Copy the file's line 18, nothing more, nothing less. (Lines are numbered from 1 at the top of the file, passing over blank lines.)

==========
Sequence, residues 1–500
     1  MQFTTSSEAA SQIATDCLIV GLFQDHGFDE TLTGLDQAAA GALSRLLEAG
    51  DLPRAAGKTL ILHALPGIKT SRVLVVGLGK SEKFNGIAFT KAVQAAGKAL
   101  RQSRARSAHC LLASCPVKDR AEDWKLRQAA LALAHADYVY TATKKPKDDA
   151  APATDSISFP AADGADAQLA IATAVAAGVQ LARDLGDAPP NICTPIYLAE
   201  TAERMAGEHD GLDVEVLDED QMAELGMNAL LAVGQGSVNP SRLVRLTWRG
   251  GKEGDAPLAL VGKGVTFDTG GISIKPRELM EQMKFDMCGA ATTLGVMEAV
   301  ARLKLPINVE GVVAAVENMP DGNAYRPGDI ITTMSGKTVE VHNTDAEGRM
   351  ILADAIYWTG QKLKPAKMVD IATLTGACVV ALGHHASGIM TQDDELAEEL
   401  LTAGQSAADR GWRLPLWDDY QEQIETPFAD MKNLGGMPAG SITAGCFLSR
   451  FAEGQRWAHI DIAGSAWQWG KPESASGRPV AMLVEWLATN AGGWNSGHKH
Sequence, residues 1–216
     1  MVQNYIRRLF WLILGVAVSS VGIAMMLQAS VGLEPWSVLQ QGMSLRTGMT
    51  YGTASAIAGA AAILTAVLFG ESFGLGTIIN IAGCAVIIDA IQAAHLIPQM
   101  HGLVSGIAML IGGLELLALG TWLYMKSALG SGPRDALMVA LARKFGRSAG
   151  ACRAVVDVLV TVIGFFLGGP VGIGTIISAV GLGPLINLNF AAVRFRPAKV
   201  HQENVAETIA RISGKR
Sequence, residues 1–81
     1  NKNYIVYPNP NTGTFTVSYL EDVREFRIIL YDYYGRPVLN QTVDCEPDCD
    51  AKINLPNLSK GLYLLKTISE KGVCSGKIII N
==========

Sequence, residues 1–81